Alfalfa and cabbage looper larvae are usually found in mint
from mid-June to early August. Take 10 straight line sweep net samples in at least five
different sites in fields up to 30 acres. Add an additional sample site for every
additional 10 acres. Count the number of larvae and calculate an average number per sweep
net sample. Field inspections for loopers are usually done at the same time as sampling
for variegated cutworm. Loopers and variegated cutworm will both be found in sweep net
samples and ground search samples. Loopers, unlike the variegated cutworm, can usually be
found on foliage during the day.
The percentage parasitism or diseased loopers usually exceeds 50 per cent in most fields most seasons and does not cause significant leaf injury. Parasitized loopers can usually be distinguished from nonparasitized loopers by the presence of a black spot on the back of the looper near the back end. Parasitism can be detected by selecting some of the larger loopers from the sweep samples, cutting off the head of each, and pulling each larva apart. A smaller parasite larva will be found inside the looper larva. It is important for growers and consultants to realize that many loopers found in samples are parasitized and will not cause leaf injury. The biological insecticide, Bacillus thuringiensis (Bt) may provide very good control of loopers and small cutworms when applied by ground with a sticking agent and in sufficient water to provide thorough coverage. However, Bt may not control cutworms if they are large and not feeding on the foliage near the top of the plants.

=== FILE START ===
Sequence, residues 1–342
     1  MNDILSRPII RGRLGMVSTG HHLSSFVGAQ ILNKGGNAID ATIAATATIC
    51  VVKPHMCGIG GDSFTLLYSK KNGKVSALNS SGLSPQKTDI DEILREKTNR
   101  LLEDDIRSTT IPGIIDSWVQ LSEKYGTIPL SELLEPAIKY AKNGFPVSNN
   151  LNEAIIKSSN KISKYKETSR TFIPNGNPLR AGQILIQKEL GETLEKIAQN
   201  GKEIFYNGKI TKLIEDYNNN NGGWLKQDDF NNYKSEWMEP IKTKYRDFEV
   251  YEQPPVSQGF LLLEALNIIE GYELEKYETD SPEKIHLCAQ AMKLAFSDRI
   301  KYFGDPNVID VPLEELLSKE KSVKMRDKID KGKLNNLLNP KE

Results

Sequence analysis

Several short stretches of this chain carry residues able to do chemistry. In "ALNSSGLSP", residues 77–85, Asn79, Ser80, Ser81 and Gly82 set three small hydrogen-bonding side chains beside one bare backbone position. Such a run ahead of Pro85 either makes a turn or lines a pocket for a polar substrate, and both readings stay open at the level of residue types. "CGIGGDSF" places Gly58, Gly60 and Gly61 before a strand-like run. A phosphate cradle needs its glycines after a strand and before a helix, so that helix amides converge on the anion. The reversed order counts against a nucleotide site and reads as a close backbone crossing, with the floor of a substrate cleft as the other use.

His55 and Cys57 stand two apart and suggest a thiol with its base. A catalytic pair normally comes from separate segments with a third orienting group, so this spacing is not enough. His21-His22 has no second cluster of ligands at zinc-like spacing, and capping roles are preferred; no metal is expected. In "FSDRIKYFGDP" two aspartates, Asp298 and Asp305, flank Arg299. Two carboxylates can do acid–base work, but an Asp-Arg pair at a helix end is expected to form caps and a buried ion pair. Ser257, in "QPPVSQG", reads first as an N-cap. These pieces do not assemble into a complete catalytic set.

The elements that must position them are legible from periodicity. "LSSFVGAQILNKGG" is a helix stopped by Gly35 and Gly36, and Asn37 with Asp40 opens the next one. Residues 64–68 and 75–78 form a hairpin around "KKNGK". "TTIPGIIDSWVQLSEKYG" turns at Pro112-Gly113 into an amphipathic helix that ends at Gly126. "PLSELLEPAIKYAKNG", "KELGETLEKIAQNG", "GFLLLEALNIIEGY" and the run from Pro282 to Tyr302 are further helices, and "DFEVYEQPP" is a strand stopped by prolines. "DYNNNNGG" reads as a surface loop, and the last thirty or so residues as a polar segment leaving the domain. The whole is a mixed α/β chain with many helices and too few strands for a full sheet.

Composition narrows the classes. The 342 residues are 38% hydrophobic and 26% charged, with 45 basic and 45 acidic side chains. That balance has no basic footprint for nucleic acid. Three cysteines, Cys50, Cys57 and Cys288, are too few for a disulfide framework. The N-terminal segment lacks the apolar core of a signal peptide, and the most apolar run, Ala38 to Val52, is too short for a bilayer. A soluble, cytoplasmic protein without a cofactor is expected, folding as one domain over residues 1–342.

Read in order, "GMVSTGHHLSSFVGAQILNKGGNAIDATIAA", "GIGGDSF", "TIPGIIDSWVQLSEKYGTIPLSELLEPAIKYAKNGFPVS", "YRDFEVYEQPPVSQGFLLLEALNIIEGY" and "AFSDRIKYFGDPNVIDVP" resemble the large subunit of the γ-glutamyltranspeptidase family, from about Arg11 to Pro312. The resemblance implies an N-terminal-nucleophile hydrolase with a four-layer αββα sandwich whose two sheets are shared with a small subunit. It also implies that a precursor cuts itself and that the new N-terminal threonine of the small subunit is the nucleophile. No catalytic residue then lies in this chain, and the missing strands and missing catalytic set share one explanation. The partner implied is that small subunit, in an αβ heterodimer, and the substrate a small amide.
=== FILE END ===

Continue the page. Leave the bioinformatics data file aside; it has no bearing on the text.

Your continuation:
If treatment is justified, refer to the registered insecticide section for insecticides and rates for control of loopers.